Debbie Beasley can't count the amount of time she's spent counting carbs, calories and fat grams, or the amount of money she's forked over to weight-loss programs. She knows the cabbage soup recipe by heart and can spot a perfectly ripe grapefruit from the farthest corner of the farmers market. "My whole life was a diet," she admits.
The few times she had managed to drop some weight, Beasley couldn't make the changes stick, and she'd always regain what she'd lost -- and then some. By October 1998, the Columbia, Mo., woman tipped the scales at 255 pounds. So she turned to the Internet for help. A search for "diets" led her to eDiets.com, one of a growing number of interactive weight-loss Web sites. Beasley answered a few questions, enabling eDiets' professionals to design a personalized day-by-day eating plan. If Beasley had a question, she could e-mail a licensed dietitian or log onto a message board and seek advice and empathy from other dieters.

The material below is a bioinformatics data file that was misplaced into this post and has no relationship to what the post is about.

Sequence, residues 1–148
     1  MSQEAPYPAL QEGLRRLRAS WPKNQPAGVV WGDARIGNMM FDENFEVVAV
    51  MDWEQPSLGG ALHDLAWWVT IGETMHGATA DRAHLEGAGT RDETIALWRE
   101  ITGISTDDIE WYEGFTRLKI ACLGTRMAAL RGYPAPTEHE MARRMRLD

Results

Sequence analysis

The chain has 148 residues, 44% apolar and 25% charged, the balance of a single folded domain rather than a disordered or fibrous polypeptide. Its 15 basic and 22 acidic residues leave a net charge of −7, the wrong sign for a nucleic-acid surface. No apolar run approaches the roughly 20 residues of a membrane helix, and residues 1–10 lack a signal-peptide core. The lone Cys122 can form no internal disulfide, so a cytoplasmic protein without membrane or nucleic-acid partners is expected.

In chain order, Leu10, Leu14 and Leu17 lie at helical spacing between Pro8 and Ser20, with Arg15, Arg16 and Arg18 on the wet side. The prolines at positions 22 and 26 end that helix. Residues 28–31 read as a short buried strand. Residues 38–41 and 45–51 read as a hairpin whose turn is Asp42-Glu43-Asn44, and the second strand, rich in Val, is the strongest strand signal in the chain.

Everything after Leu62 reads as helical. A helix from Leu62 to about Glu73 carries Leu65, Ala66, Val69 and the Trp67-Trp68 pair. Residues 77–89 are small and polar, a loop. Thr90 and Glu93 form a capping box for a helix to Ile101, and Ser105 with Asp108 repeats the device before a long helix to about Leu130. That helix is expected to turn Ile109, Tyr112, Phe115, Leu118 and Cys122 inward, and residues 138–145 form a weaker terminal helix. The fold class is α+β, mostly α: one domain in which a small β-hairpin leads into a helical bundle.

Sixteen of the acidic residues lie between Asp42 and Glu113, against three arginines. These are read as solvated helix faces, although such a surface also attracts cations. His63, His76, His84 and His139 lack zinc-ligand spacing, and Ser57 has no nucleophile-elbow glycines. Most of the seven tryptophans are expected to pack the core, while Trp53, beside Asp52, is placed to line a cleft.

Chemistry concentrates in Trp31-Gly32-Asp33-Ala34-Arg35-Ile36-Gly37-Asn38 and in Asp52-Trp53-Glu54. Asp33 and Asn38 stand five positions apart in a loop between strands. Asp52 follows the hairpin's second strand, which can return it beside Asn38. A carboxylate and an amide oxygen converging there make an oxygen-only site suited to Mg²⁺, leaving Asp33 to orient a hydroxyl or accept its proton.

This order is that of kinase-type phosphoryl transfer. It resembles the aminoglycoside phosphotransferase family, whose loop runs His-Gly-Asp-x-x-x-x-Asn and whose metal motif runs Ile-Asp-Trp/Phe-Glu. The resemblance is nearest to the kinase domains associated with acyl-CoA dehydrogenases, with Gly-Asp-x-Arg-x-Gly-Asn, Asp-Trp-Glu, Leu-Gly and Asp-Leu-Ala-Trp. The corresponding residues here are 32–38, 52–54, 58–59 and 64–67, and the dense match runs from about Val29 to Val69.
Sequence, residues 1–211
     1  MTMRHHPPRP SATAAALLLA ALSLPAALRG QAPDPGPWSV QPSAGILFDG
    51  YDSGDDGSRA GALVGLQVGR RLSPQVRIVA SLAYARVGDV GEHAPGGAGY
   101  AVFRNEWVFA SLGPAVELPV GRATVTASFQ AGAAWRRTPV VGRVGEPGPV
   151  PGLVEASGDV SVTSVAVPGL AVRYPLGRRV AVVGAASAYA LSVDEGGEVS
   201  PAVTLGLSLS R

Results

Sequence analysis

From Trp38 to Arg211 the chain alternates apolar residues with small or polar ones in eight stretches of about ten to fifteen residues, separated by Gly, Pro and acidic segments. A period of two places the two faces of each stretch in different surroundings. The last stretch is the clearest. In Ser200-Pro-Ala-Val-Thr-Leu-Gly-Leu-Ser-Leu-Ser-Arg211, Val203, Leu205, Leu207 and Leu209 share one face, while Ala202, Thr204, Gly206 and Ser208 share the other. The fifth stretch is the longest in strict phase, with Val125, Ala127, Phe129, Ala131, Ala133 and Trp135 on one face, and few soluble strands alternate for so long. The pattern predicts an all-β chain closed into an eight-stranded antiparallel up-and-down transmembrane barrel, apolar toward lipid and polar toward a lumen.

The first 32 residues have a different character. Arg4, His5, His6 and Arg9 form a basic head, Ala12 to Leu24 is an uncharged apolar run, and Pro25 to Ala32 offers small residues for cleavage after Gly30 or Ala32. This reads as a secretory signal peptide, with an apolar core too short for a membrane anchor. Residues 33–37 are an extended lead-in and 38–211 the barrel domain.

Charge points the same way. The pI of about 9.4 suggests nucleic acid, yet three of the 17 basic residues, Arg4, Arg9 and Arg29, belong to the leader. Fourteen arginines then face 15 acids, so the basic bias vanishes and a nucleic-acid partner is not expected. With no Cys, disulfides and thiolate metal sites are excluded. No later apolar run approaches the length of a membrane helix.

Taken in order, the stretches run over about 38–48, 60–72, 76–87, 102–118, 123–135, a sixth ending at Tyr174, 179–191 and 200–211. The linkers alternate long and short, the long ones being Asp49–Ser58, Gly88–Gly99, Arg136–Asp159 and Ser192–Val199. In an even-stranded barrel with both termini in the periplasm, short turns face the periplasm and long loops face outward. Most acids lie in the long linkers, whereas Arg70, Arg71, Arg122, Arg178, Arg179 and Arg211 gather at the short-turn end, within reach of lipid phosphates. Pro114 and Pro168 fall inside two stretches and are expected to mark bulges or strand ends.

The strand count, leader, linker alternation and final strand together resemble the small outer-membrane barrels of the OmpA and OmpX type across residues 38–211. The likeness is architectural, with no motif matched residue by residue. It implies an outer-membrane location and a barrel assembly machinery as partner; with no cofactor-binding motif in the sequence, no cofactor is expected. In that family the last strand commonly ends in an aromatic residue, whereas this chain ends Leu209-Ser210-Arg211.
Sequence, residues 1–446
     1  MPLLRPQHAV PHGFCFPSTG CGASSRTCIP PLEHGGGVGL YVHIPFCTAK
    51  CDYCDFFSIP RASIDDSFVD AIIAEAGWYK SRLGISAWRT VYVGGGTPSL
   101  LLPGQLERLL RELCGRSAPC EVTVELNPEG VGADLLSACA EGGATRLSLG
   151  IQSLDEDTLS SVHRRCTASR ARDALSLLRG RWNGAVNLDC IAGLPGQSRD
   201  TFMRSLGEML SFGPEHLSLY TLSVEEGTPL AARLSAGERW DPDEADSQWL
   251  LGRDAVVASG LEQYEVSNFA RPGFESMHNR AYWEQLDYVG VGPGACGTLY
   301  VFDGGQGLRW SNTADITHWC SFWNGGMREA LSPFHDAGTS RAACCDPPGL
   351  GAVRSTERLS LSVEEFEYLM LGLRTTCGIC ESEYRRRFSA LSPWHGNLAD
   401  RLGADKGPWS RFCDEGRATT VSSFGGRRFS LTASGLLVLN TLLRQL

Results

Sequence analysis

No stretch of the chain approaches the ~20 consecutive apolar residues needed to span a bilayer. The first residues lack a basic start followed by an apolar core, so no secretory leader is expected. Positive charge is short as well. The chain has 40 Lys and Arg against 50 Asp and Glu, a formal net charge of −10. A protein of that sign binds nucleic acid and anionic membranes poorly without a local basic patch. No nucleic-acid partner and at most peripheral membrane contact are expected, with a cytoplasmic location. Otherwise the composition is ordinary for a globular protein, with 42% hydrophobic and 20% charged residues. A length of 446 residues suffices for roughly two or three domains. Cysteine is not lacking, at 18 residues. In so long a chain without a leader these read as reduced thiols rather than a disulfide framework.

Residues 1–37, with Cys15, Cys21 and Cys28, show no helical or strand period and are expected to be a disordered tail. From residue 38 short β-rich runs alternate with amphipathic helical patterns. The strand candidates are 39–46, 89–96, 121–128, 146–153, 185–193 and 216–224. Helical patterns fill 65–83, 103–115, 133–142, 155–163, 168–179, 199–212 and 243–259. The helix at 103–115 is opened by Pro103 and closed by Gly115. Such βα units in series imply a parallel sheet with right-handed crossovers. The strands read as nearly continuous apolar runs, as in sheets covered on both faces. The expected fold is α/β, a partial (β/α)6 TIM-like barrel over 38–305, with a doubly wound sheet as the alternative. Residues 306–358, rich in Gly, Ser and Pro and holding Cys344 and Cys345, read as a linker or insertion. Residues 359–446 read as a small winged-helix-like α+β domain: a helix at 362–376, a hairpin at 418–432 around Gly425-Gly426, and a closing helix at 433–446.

"I lost 6 pounds the first week, and they actually told me to slow down," Beasley recalls. "The diet itself isn't all that different: it's a balanced plan [50-60 percent complex carbohydrates; 25 percent fat (less than 10 percent saturated); and the rest protein]. But they do the work for you, so you have no excuses. If I don't want to cook, there are fast- or frozen-food options. I hardly even think about it anymore. It's become a way of life."
As she lost weight, Beasley began following eDiets' exercise suggestions. Soon their simple walking program was no longer challenging. Then she discovered Tae Bo, which kicked off her love affair with exercise.
It took Beasley a little more than a year to drop more than 100 pounds. Anxious to maintain the loss, she still does Tae Bo (she's added weight training, too) and visits eDiets every day, mostly for the message boards. "They're really helpful, especially in the beginning," she says. "When you feel like the scale's not moving and all you can think is, 'God, I just want to eat,' you log on and someone's there with just the right thing to say."
Two-way communication leads to success